The oral anticoagulant warfarin inhibits the vitamin K-dependent clotting factors II, VII, IX, and X and also inhibits the synthesis of proteins C and S. Vitamin K is the fat-soluble substance in our bodies that promotes blood clotting by helping make these factors in the liver.

Small initial daily doses (such as 5–7.5 mg) is the preferred way to start warfarin. Peak effect of the drug occurs 36–72 hours after it is started. The response to warfarin varies among individuals, and so each patient is monitored to prevent underdosing or overdosing. Patients must not take any new drugs or natural compounds without consulting their physician, since they may affect the effects of warfarin.

The test used to monitor the patient’s response to warfarin is the one-stage PT (prothrombin time) test. After the initial dosage of warfarin 5–7.5 mg/day for the first 2 days, the daily dose is adjusted according to a standard ratio (INR). Heparin is stopped after the 4th or 5th day of warfarin therapy if the INR is in the therapeutic range (2–3). Monitoring is necessary because some people are either fast or slow metabolizers. When the anticoagulant effect and dose requirements are stable, INR monitoring continues through the course of warfarin treatment.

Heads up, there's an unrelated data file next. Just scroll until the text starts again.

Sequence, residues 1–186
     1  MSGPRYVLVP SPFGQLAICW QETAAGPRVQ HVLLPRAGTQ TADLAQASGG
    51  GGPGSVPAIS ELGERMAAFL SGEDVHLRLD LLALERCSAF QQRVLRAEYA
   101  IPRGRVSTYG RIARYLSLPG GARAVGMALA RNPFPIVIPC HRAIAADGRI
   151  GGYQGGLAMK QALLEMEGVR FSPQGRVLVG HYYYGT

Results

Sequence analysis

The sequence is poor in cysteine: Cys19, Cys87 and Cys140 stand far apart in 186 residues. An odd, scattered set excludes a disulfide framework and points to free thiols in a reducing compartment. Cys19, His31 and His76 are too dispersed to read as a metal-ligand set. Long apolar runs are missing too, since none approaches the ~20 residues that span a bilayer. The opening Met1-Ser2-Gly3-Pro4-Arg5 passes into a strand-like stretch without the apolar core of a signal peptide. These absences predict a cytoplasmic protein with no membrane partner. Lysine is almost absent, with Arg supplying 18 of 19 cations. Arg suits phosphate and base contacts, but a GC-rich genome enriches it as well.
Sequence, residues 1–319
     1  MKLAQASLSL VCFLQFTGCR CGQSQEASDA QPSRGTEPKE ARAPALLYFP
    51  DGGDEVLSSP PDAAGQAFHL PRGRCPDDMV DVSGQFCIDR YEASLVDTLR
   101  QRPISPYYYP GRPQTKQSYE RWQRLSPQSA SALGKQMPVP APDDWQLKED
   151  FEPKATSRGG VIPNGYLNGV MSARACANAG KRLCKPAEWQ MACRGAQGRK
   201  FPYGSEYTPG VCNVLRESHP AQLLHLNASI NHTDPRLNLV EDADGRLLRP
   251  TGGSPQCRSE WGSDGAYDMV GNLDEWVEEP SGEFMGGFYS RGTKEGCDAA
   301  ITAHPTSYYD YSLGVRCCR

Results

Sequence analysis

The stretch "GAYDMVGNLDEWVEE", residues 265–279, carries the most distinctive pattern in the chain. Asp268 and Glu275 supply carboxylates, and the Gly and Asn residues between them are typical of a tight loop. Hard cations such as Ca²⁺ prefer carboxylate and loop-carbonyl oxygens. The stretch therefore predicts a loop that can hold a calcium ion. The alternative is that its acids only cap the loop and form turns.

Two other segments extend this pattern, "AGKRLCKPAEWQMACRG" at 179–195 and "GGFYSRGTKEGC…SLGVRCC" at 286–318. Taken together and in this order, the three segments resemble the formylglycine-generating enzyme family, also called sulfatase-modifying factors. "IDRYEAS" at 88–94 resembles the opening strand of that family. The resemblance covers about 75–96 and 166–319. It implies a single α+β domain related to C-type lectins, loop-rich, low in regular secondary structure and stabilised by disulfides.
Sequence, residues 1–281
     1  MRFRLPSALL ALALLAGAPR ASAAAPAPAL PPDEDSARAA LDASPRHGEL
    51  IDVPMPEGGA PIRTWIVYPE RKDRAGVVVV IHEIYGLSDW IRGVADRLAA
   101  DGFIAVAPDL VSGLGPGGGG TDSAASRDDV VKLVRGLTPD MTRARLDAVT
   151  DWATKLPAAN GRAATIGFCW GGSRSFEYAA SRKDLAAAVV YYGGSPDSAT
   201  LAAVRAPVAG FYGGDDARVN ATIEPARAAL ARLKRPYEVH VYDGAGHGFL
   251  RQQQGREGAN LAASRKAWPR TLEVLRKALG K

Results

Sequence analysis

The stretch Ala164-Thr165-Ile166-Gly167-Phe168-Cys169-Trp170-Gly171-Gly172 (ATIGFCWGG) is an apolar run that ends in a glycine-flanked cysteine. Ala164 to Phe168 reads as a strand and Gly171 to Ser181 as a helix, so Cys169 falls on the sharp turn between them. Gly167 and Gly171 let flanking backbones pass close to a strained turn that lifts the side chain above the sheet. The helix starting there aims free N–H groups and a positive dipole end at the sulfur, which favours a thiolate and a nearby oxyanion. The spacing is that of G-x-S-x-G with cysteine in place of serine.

Long-term warfarin treatment for DVT reduces recurrent clotting from 47% to 2%. The less intense but carefully controlled warfarin (INR 2–3) reduces risk of bleeding from 20% to 4% while still being effective.

Exception to long-term cumadin therapy:

  1. Adjusted-dose unfractionated heparin by injection for pregnant women
  2. Adjusted-dose unfractionated heparin or unmonitored LMWH for those whose oral anticoagulant therapy is difficult to control or stabilize